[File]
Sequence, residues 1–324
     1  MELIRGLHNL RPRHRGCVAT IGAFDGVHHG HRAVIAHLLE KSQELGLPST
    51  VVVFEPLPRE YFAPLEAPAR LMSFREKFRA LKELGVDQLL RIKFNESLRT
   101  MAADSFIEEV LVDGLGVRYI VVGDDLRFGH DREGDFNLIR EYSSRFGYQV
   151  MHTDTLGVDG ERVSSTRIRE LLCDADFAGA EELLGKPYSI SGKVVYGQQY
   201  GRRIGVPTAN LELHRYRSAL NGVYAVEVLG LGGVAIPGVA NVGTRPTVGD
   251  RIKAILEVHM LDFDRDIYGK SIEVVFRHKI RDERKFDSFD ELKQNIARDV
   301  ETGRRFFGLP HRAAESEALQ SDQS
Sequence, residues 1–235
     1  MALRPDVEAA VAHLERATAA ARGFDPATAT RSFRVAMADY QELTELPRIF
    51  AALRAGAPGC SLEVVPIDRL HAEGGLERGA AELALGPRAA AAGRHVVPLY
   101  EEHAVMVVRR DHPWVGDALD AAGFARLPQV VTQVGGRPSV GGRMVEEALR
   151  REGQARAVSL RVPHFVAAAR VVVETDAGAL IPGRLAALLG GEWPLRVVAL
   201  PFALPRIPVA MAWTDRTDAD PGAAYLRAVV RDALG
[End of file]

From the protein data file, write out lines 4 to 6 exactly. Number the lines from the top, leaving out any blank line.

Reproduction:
   101  MAADSFIEEV LVDGLGVRYI VVGDDLRFGH DREGDFNLIR EYSSRFGYQV
   151  MHTDTLGVDG ERVSSTRIRE LLCDADFAGA EELLGKPYSI SGKVVYGQQY
   201  GRRIGVPTAN LELHRYRSAL NGVYAVEVLG LGGVAIPGVA NVGTRPTVGD